Visiting UNESCO’s photographic collection

During the training residency in 2021, students were invited to visit UNESCO with lead archivist Eng Sengsavang.

UNESCO Archives, established in 1947, is responsible for the care and management of the organization’s records in all formats since 1946, and the archives of its predecessor’s bodies since 1925. Its archives are considered the “institutional memory” of UNESCO, as well as a living source that serves as material for member states’ and UNESCO Secretariat’s decisions and programs. They provide an exceptional reflection on the history of international cooperation in UNESCO’s fields of action.

They receive up to 600 visits per year from researchers and from UNESCO’s own staff and various stakeholders. Our visit took the participants through its archives and public services, with a focus on photographic holdings and its digitization process, providing a unique overview of a major international institution’s archival processes.

Photo credit: Courtesy of Spéos

Introducing UNESCO and its Archives

Sengsavang introduced the visitors to the archives and, in particular, its photographic collection containing thousands of negatives, color slides and prints, also showcasing its very own inventory system. The participants had the privilege to explore the physical photography collection, its notable Kardex machines and prints rooms, and they were able to dive into UNESCO’s legacy archiving system, established at the creation of the institution.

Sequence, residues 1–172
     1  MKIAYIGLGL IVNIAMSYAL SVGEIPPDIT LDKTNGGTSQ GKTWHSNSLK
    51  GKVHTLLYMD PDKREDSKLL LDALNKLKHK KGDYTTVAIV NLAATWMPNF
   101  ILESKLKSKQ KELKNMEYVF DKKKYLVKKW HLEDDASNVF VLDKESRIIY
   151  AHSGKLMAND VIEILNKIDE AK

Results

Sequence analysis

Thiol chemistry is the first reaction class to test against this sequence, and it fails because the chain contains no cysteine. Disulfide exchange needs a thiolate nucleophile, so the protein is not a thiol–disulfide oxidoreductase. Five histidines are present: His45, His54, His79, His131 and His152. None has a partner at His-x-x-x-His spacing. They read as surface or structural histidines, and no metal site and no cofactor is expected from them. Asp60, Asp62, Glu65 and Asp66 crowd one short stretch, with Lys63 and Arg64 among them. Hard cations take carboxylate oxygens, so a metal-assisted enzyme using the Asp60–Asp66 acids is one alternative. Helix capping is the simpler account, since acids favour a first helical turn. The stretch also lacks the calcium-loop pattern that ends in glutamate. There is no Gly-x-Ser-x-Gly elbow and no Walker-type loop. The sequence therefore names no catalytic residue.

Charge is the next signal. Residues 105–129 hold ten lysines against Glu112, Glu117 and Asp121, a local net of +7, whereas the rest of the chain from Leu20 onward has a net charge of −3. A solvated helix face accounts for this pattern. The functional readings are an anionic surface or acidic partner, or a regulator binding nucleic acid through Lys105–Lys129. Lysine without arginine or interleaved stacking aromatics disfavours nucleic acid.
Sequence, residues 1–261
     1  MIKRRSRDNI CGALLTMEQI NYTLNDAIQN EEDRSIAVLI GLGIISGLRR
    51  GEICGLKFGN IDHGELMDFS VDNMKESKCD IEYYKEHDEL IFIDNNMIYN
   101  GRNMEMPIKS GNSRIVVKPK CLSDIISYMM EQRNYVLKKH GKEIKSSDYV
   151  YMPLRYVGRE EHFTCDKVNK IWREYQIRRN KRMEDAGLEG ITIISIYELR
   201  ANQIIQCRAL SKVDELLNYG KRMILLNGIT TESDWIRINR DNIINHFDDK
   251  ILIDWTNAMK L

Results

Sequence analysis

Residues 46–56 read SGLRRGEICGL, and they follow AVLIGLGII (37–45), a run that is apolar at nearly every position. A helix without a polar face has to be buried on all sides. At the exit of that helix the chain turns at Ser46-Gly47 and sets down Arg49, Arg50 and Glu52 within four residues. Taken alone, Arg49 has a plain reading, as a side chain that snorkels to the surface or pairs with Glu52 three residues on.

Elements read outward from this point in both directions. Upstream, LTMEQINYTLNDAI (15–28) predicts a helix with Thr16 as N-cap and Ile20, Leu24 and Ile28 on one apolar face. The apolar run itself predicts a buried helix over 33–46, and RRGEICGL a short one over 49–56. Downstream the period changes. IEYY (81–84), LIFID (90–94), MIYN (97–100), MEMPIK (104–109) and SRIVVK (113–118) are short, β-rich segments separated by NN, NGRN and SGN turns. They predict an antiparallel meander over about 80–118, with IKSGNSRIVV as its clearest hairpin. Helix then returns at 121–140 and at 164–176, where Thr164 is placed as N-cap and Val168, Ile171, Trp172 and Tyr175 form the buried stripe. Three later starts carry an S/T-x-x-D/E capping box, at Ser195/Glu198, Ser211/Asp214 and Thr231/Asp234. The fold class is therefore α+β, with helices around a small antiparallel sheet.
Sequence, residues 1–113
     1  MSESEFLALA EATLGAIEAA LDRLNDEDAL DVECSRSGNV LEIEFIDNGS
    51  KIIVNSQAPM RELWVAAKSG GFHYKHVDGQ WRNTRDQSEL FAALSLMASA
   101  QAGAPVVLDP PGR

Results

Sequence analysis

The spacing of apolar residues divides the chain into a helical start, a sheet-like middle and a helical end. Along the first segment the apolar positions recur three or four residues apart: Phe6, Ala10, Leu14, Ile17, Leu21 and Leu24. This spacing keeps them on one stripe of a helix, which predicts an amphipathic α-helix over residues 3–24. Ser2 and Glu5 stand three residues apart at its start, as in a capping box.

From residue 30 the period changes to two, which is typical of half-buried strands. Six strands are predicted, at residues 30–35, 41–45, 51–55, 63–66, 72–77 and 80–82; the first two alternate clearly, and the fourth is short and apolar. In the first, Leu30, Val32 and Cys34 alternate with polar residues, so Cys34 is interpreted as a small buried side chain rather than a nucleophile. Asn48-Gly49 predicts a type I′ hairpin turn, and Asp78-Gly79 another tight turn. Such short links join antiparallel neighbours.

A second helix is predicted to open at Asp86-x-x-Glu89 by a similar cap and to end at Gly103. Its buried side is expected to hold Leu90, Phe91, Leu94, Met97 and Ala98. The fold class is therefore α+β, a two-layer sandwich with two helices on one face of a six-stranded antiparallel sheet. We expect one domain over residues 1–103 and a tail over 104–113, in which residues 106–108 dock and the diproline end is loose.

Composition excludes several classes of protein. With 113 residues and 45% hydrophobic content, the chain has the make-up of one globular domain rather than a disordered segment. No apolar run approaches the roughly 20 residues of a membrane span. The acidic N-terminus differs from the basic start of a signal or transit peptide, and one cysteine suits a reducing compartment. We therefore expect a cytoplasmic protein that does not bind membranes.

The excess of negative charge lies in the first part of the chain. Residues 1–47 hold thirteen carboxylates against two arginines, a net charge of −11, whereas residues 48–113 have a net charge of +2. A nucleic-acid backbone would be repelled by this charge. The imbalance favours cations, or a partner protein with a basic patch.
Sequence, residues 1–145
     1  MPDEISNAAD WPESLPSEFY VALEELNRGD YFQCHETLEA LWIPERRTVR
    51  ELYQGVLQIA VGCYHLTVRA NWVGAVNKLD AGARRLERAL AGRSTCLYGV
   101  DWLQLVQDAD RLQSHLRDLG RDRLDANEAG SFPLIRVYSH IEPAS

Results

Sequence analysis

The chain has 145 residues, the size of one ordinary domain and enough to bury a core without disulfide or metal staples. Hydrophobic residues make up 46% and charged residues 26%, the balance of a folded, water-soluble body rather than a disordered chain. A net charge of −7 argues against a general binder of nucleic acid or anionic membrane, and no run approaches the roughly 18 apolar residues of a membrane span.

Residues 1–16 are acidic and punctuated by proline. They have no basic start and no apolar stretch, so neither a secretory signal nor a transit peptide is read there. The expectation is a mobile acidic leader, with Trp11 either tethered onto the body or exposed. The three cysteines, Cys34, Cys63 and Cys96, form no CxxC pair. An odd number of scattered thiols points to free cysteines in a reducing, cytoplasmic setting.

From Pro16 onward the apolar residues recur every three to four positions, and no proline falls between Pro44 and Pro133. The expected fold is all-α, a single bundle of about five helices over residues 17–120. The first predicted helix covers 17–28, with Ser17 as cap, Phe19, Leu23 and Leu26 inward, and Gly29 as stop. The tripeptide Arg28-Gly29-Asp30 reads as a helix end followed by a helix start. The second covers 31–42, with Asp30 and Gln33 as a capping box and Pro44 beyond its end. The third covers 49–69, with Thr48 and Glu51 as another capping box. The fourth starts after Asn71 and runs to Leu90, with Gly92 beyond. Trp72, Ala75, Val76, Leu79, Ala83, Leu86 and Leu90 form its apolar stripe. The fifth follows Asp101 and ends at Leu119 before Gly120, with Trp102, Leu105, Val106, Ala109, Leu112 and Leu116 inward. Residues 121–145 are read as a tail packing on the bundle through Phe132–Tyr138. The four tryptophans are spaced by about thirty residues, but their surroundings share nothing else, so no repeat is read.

It was a rare opportunity to apprehend in close quarters the challenges of the classification, production and accumulation of a large photography collection in a public interest institution.

Discovering UNESCO Archives’ Digitization Laboratory

UNESCO Archives’ digitization laboratory was set-up during its major digitization project between 2017 and 2019. The objective is to digitize and make accessible the institution’s archive holdings, and also the International Institute of Intellectual Cooperation’s documentary heritage, composed of typed and handwritten documents, photographs, films and audio tapes.

The visitors had the opportunity to discover the milestone of such a broad digitization project, from the techniques to the promotion and advocacy of the collection itself. The Archives’ service is working to launch a second phase of digitization and is seeking partners to support the continuation of this exciting work.

The Post-Digitization Process: Publishing and Sharing the Collection

The importance of UNESCO’s digitization project led to the collection being seen through multiple projects, partnerships and publications. While some of the projects required financial support, participants were able to discover methods for crowdsourcing such projects as well as UNESCO’s ongoing communication of the project to the general public.

Photo credit: Courtesy of Spéos
Photo credit: Courtesy of Spéos
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